We recently had academic testing done on our daughter.
Our family has moved around bunch and, as a result, we’re trying to tease apart what could be a learning challenge versus what’s a gap in her education.
Could this be ADHD? one asked.
Definitely not, another said. She has a fantastic ability to focus.
She really does, another added. She’s great at maintaining focus.
In the moment all I thought about was how eliminating anything sounded great (We know it’s not XX. Let’s look at other possibilities).
Later that night, however, as I watched her struggle with homework yet do so without distraction I reflected on the conversation.
When did the ability to focus become a celebrated skill?
When did we cease encouraging kids–at appropriate times–to detach, relax and zone out?
A lost art which, although it may not initially appear it on the surface, is crucial to life success.
fantastic daydreaming backdrop.
Daydreaming provides the same benefits as allowing ourselves to be bored.
Our brains need daydreaming/turning inward in order to refresh our creative juices.
I know at least I require an inner life not rooted in reality or I’d exist in a continual state of writer’s block.
We big people often make remarks like: I get my best ideas in the shower!
I’d venture to say it’s because we allow ourselves to daydream there!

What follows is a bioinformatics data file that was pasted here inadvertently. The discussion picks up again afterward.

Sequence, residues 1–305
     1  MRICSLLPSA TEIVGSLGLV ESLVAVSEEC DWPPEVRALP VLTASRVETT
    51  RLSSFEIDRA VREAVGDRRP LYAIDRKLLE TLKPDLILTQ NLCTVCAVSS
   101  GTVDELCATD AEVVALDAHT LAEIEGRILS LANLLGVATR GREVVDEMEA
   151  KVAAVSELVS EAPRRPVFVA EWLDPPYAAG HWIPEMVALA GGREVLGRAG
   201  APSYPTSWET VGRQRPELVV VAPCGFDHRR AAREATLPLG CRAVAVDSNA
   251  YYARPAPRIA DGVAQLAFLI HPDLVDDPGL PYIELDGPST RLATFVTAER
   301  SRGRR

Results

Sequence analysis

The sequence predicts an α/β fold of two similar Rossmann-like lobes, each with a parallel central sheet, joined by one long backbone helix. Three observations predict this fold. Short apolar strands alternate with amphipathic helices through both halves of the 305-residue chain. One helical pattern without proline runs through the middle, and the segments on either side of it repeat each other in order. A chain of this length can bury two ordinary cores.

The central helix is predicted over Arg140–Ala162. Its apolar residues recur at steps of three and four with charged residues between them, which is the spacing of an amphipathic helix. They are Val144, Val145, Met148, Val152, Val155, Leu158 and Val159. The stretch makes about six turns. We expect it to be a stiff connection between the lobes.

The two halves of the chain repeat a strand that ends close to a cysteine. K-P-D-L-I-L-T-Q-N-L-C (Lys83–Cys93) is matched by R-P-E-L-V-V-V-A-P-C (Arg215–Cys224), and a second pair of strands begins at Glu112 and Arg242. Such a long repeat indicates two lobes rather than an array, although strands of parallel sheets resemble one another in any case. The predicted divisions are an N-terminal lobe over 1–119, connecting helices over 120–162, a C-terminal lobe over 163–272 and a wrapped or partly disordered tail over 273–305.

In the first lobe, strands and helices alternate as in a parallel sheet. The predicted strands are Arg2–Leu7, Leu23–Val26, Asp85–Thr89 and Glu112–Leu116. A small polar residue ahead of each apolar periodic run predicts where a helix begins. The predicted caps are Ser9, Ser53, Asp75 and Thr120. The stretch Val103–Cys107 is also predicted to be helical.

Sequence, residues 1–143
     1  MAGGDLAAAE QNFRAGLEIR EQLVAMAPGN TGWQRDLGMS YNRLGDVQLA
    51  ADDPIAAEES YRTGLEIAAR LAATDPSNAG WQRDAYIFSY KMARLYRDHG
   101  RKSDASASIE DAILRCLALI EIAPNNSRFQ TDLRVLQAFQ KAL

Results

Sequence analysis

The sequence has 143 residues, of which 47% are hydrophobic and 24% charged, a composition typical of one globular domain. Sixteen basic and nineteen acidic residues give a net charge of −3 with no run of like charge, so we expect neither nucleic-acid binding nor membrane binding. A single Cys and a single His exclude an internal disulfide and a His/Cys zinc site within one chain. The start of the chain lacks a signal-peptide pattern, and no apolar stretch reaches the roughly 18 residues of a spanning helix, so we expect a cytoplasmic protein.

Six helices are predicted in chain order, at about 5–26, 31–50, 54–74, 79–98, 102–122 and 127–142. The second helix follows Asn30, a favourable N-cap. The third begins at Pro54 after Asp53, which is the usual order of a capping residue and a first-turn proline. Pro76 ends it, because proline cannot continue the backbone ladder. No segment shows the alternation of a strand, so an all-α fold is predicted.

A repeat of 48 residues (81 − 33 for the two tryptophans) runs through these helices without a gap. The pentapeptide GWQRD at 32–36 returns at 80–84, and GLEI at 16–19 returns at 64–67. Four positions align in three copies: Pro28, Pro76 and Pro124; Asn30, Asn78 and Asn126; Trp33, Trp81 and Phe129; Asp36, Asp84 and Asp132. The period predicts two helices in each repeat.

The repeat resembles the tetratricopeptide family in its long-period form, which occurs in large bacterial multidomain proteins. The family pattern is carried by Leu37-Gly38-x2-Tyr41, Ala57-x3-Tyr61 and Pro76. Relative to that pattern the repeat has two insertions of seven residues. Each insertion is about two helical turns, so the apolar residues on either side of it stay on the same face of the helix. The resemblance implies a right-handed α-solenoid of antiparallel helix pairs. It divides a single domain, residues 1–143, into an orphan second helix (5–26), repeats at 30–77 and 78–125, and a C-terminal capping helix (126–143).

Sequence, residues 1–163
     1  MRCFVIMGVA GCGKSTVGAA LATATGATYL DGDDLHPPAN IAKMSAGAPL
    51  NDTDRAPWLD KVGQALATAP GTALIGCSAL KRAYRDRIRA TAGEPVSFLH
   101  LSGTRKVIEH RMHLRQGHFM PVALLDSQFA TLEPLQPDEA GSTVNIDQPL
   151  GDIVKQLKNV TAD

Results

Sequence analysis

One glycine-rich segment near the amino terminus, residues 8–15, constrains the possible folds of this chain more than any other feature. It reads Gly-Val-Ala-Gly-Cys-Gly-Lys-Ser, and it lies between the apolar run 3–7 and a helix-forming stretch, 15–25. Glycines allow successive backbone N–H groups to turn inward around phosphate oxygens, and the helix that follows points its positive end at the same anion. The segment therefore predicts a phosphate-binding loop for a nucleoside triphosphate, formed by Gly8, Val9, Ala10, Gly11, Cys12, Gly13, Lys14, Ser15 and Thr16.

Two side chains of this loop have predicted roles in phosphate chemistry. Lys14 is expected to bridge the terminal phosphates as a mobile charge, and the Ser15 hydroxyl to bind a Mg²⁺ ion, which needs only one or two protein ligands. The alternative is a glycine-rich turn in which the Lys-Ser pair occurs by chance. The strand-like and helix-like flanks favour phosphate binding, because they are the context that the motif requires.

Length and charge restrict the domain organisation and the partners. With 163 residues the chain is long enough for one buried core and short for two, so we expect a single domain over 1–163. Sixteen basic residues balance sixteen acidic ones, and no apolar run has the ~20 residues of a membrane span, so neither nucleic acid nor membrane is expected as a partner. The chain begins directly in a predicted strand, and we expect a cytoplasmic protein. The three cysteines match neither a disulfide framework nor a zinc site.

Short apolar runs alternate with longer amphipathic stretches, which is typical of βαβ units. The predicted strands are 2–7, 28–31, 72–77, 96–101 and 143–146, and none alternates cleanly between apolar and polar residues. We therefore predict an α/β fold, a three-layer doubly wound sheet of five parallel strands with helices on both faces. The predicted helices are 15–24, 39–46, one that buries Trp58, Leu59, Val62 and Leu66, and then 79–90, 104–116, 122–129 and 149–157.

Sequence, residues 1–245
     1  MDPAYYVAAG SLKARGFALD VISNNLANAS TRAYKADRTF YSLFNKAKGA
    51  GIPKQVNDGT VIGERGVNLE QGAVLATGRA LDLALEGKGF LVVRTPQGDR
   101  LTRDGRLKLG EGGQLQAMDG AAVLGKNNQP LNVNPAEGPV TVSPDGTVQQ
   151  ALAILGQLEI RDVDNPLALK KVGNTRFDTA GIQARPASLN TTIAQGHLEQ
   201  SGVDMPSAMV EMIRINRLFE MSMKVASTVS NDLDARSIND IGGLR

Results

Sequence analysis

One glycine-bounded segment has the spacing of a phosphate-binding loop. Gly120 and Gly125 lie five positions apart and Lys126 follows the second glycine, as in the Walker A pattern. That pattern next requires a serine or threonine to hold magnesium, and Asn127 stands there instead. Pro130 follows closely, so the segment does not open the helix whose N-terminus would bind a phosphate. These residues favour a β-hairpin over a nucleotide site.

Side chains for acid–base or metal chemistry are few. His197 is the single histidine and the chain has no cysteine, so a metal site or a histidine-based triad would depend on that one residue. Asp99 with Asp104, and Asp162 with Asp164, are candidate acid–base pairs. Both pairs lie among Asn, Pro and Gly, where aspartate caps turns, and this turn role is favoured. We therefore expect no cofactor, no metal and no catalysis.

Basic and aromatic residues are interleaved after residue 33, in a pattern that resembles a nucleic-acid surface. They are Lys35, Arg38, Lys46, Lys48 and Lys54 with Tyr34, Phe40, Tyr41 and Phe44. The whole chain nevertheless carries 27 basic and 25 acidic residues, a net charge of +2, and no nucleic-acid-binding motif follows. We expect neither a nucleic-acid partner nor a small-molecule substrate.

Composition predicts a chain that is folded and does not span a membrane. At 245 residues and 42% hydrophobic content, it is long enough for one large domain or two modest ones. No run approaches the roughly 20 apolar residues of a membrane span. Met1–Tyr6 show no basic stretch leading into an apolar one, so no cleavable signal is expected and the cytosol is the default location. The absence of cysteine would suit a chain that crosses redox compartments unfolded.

As a parent I’m aware it’s important to focus when
school life demands, yet daydreaming suddenly felt like a pivotal way for her brain to rest, UNfocus and grow creative.
Our child is one of the most under-scheduled nine year olds I know.
Every after-school minute isn’t accounted for. She plays no sports.
Whether these are choices you agree with or not—they weren’t made in haste but design.
We wanted to give her space.
We wanted her to live with margins.
I’d not been able to put it into words before, but we wanted her to have time to daydream.
We choose to gift her to be free to seize unfilled moments, think about her day and lazily ponder different outcomes to interactions or challenges she’s experienced.
Studies indicate when children have ample time to
reflect internally daydream it enhances their ability to sustain external focus.
very very shiny object!
I’ve decided to attempt to weave daydreaming into our days.
I’ve chosen to encourage the habit of “unfocusing” each morning as my daughter & I walk the GoldenDoodle before school.
If I’m yammering away and your mind wanders–that’s OK! Our walk is perfect for that sort of thing.
If I ask a question and you were daydreaming-distracted just say SHINY OBJECT! I’ll know to back up and start again.
She laughed, but she’s clearly grasped what I’d said.
We adults talk about mindfulness all the time.
I talk about mindfulness all the time.
Perhaps, in doing so, we’ve forgotten the importance of unfocusing.
- When was the last time you allowed yourself to UNfocus and daydream?